It was a day in February 1937 and they called me to go to school. I got up, ate my broth with corn bread; it was needed to “shake away the cold” according to my parents. I grabbed my chalkboard and ran toward my school in Sentín [a village close to Vilagarcía] and saluted the teacher with this litany: “Hail Mary Most Pure, good day. How are you? Arriba España!, Long Live Franco!, Long Live Christ the King and his saintly mother!” Meanwhile, my whole arm was extended, the palm of my hand wide open, standing firm, and I held the chalkboard with my left hand. After the fingernail and ear inspection, I sat in my customary place, my desk, if that’s what you can call two boards of pine two meters long and held together by a frame. There we sat and set our books.
The space had eighty square meters for eighty children, three blackboards, a shelf and a podium from which the teacher, behind his desk with a bundle of wicker twigs in his hand, watched us and was always ready to come strike us. That day religion class lasted till ten [in the morning]. We hadn’t yet sung the Lord’s Prayer, but we would at the end along with “Cara al Sol” [“Face to the Sun”: the Spanish fascist anthem].
We were happy because we hadn’t been thrashed by the wicker twigs. Religion didn’t worry me at all; I could recite “Hail Mary” by heart.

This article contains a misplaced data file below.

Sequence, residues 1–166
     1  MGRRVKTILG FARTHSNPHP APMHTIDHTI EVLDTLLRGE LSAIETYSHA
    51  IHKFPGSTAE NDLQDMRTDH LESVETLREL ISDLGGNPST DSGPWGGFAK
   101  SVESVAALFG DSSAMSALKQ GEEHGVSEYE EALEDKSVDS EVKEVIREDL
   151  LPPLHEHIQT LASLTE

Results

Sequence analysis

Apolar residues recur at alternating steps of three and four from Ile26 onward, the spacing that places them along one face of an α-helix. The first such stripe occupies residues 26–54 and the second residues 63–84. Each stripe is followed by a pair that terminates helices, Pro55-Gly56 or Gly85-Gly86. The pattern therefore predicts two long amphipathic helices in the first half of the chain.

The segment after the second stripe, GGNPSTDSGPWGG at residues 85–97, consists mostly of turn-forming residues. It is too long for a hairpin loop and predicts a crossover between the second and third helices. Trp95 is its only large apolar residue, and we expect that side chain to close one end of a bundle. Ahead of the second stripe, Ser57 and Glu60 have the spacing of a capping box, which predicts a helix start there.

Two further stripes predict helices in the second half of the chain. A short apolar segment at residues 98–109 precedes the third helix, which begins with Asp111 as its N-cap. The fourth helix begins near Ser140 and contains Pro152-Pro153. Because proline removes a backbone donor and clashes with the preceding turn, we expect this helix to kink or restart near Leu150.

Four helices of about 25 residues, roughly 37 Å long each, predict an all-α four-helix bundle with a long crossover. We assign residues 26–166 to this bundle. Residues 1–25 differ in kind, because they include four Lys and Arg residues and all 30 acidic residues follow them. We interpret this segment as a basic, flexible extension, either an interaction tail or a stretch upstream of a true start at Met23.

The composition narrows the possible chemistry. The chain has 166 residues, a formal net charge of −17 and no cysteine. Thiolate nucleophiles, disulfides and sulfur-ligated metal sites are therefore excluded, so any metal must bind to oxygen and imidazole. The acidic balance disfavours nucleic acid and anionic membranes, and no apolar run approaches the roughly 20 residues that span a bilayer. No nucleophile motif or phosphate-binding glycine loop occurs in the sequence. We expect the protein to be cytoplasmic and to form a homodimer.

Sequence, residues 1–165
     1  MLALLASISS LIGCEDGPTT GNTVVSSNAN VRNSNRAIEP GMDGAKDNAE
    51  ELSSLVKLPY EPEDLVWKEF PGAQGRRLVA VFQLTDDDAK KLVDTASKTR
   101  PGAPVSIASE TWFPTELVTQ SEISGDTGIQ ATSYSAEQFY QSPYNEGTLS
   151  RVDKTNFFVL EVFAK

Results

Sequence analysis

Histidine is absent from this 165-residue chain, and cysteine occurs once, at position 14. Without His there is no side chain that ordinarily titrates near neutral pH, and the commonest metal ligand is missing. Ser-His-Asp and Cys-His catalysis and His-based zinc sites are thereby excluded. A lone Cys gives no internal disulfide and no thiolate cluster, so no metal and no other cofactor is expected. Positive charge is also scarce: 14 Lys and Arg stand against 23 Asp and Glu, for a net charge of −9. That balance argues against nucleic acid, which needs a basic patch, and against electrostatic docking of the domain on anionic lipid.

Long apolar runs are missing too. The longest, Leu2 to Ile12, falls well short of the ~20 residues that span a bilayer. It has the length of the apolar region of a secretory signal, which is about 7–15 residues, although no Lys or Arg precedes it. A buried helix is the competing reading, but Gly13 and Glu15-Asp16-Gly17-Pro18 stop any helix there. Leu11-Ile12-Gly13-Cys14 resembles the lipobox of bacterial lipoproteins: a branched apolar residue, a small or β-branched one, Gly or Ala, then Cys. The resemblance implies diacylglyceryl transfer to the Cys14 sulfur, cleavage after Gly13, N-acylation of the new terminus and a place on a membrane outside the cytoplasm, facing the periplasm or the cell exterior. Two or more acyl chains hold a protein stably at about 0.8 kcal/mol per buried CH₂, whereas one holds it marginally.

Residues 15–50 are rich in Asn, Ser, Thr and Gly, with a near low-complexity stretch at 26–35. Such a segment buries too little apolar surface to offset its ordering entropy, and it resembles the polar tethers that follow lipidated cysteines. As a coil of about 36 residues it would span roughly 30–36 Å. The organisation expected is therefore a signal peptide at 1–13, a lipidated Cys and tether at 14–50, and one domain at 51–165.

We had just sat down when the first shot went off, followed by many others that led to a general fight, which would only be the prelude of the “Littleness” of the event. The most surprising thing for us (we knew nothing of fire arms) was that kind of ratchet, which with its powerful teeth rattled without a pause. I came to know another kind of war during the first months of the insurrection. We would nervously wait at night for the representatives of the New Spain to knock at the door and come looking for my brothers to “give them a walk” [a sinister euphemism used by the fascists that meant to shoot prisoners]. That war wasn’t spectacular but it was full of terror. The song of machine guns and rifles made us turn our heads at school, even defying the teacher’s wicker twigs. He also looked toward Loenzo’s place—a ways away but close enough to be able to distinguish the abandoned house, an infinity of dark masses that, protected by a raised granary and other obstacles, fired against people inside who seemed to defend themselves well, judging by the two hours that the fight lasted. Their bravery in defending themselves was such that the besiegers—fifty of them made up of townspeople, Falangists, and the Civil Guard—considered calling in the army. But since they had to face the shame of being unable to take on so few, they resorted to gasoline. The straw took care of the rest. Some shots and everything went silent. What was happening now? Have the besieged surrendered? There, the “Two Spains” were represented: one that had always fought for freedom and human rights and the other that defended by fire and sword their centuries-old privileges. No understanding between the two was possible.